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Apologies for any duplication, but most questions I've come across relate to getting a specific value from a field in a row, or using tail to get n tailing lines from a file, where n is known a priori. I'm looking to find a row where a value is matched, and then get all fields in that row AND all following rows. Details below.

I have data files returned from an online database that have a variable number of metadata header rows containing information about the query criteria used to search the database. After these header rows is a tidy dataframe. Example:

Query date: February 3, 2020, 1:34:57 PM
Database: <database name>
\n
Search criteria:
\n
Geographic bounding box coordinates: -130.00 20.00; -130.00 24.00; -120.00 24.00; -120.00 20.00
Sample type: rocks > sediments > dust
\n
SAMPLE ID,REFERENCE,LONGITUDE,LATITUDE,X,Y,Z,A
56,Author (YYYY) Title: Journal,-127.3,22,1.7,2.3,0,0.55
56,Author (YYYY) Title: Journal,-127.34,22.4,1.9,1.3,0.5

I have successfully found the row containing data field names using:

SID=$(awk -F, '{ if ($1 == "SAMPLE ID") print NR }' data.csv)

echo $SID returns 9, as expected

Now I want to take that row of field names and all of the following rows that contain the data and send them to a new file. In other words, I wish to parse the whole input file, and send the rows where NR >= $SID to a new file.

This is the code I've been using, but it instead just returns almost all of the data, except for a few rows. I can't figure out how to get the data I want, or why it's omitting the rows that it is.

awk -F, -v r=$SID '{ if (NR >= $r) print $0}' data.csv > output.csv

Here's my expected output:

SAMPLE ID,REFERENCE,LONGITUDE,LATITUDE,X,Y,Z,A
56,Author (YYYY) Title: Journal,-127.3,22,1.7,2.3,0,0.55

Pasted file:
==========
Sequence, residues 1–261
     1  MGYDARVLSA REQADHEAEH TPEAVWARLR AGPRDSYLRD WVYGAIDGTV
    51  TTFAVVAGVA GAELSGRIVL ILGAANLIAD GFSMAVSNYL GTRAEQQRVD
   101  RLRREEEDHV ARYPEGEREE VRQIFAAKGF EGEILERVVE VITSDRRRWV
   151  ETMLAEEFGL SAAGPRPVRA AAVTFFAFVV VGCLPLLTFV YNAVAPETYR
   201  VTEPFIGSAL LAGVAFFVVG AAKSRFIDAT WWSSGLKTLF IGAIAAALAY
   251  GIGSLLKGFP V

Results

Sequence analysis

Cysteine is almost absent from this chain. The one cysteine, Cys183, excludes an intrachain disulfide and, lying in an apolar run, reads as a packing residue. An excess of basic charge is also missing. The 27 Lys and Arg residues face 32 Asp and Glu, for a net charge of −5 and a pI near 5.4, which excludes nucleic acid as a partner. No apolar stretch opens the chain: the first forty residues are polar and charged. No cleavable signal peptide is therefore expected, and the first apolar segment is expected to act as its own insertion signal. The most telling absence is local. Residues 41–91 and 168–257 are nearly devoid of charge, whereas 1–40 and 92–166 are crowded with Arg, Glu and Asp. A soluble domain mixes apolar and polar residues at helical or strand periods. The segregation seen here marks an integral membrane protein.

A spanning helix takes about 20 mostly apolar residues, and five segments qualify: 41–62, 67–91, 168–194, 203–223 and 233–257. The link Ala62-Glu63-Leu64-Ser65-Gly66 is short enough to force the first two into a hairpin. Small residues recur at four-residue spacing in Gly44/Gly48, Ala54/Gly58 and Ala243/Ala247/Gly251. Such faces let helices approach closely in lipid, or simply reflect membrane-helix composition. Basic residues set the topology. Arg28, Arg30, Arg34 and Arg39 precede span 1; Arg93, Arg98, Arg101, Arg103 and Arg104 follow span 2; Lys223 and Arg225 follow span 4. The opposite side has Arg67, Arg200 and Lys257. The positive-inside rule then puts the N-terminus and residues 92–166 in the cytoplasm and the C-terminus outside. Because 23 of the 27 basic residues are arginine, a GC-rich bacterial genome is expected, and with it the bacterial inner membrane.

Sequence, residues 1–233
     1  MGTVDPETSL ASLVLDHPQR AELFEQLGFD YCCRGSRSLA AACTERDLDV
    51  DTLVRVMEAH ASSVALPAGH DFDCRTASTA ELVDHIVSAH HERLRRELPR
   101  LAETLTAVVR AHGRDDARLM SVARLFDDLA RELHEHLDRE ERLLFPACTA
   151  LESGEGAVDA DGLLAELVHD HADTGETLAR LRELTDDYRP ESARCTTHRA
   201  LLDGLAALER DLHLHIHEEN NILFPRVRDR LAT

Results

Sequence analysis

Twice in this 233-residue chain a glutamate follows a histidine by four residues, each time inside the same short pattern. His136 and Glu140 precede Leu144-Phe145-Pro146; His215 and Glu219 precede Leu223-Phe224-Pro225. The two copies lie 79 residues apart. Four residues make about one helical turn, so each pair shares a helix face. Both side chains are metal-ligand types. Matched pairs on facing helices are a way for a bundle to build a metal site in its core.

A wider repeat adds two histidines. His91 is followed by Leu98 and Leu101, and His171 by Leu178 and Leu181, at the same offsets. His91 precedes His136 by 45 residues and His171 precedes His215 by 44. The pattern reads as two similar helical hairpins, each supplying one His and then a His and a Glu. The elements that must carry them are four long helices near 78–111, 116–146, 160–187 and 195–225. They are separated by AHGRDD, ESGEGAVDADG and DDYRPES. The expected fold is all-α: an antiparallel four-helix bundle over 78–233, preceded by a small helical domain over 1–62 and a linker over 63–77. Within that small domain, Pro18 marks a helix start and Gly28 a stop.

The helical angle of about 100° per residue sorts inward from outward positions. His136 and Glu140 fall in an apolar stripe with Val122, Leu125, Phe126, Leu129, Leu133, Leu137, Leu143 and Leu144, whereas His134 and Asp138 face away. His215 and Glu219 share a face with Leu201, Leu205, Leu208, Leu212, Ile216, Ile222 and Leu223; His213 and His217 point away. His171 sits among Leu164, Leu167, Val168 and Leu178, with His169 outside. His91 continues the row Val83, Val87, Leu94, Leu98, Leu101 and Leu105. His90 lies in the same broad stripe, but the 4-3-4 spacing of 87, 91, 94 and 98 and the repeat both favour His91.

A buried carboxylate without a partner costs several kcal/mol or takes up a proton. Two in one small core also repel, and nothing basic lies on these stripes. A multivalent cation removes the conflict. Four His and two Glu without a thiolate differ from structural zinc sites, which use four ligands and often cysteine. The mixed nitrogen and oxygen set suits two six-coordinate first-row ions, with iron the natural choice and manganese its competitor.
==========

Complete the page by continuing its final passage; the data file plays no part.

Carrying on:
56,Author (YYYY) Title: Journal,-127.34,22.4,1.9,1.3,0.5

Any help would be great! If it wasn't clear, I'm totally new to awk! Meaning I'd also welcome links to any good introductory materials for learning.

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1 Answer 1

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In awk, $r would refer to the value of the rth field, rather than the value of r itself. Your solution should work if you just replace $r by r :

awk -F, -v r=$SID '{ if (NR >= r) print $0}' data.csv

or (more idiomatically, using the default print action)

awk -F, -v r=$SID 'NR >= r' data.csv

However there's really no need to do it in two steps - either

awk -F, '$1 == "SAMPLE ID" {p=1} p' data.csv

or even (ignoring the CSV structure altogether)

awk '/^SAMPLE ID,/{p=1} p' data.csv

should work as well.

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  • Interestingly, your first 2 suggestions continued to return the full contents of the file, but the 3rd suggestion: awk -F, '$1 == "SAMPLE ID" {p=1} p' data.csv > output.csv did the trick! Can I ask what {p=1} p does? Thanks for your help :)
    – jaymullr
    Commented Feb 13, 2020 at 0:32
  • For the intellectually curious, I did find another solution: 1) save sid variable as in the question 2) nrecords=awk -F, 'END {print NR}' data.csv` 3) let "nout = $nrecords - $sid + 1" 4) tail -n $nout data.csv > output.csv
    – jaymullr
    Commented Feb 13, 2020 at 0:35
  • @jaymullr the first 2 suggestions assume that you have assigned the appropriate value to shell variable SID (using your SID=$(awk -F, '{ if ($1 == "SAMPLE ID") print NR }' data.csv) command for example). Did you do so? Otherwise (if $SID evaluates to zero) then all lines will be printed. Commented Feb 13, 2020 at 0:36
  • I thought I had defined SID as stated in the question, but I wonder if there was a typo somewhere, because I quit my shell, started fresh, and now your first solution works correctly. Who knew that it was the $r that was getting me, though: I didn't realize variables declared didn't need the leading $
    – jaymullr
    Commented Feb 13, 2020 at 0:42
  • @jaymullr yes in awk, $r would refer to the value of the rth field, rather than the value of r itself Commented Feb 13, 2020 at 0:43

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